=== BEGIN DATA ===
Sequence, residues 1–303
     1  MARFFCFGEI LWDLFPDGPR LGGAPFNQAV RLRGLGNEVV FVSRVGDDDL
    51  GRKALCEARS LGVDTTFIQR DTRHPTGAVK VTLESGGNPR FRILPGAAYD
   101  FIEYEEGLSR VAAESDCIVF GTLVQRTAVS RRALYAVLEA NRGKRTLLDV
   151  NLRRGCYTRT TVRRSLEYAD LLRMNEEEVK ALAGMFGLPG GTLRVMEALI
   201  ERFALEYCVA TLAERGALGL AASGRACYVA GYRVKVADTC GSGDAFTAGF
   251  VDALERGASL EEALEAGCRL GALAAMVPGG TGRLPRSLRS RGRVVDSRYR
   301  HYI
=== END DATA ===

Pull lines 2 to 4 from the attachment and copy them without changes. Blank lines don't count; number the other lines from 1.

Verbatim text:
     1  MARFFCFGEI LWDLFPDGPR LGGAPFNQAV RLRGLGNEVV FVSRVGDDDL
    51  GRKALCEARS LGVDTTFIQR DTRHPTGAVK VTLESGGNPR FRILPGAAYD
   101  FIEYEEGLSR VAAESDCIVF GTLVQRTAVS RRALYAVLEA NRGKRTLLDV